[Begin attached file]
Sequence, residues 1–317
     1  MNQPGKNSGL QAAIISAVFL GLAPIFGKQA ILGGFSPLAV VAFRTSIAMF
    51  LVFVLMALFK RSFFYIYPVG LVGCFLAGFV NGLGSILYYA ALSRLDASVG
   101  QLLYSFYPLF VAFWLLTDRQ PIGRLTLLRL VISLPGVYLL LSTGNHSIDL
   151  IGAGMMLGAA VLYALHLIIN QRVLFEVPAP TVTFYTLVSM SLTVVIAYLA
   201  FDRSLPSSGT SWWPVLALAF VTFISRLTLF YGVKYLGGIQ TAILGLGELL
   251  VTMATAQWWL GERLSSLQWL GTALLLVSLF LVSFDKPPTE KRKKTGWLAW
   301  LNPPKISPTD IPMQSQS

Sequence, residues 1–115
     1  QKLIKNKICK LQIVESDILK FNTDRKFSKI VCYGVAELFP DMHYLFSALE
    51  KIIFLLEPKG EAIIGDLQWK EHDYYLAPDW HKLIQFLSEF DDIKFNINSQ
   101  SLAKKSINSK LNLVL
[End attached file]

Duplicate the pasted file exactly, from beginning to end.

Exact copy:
Sequence, residues 1–317
     1  MNQPGKNSGL QAAIISAVFL GLAPIFGKQA ILGGFSPLAV VAFRTSIAMF
    51  LVFVLMALFK RSFFYIYPVG LVGCFLAGFV NGLGSILYYA ALSRLDASVG
   101  QLLYSFYPLF VAFWLLTDRQ PIGRLTLLRL VISLPGVYLL LSTGNHSIDL
   151  IGAGMMLGAA VLYALHLIIN QRVLFEVPAP TVTFYTLVSM SLTVVIAYLA
   201  FDRSLPSSGT SWWPVLALAF VTFISRLTLF YGVKYLGGIQ TAILGLGELL
   251  VTMATAQWWL GERLSSLQWL GTALLLVSLF LVSFDKPPTE KRKKTGWLAW
   301  LNPPKISPTD IPMQSQS

Sequence, residues 1–115
     1  QKLIKNKICK LQIVESDILK FNTDRKFSKI VCYGVAELFP DMHYLFSALE
    51  KIIFLLEPKG EAIIGDLQWK EHDYYLAPDW HKLIQFLSEF DDIKFNINSQ
   101  SLAKKSINSK LNLVL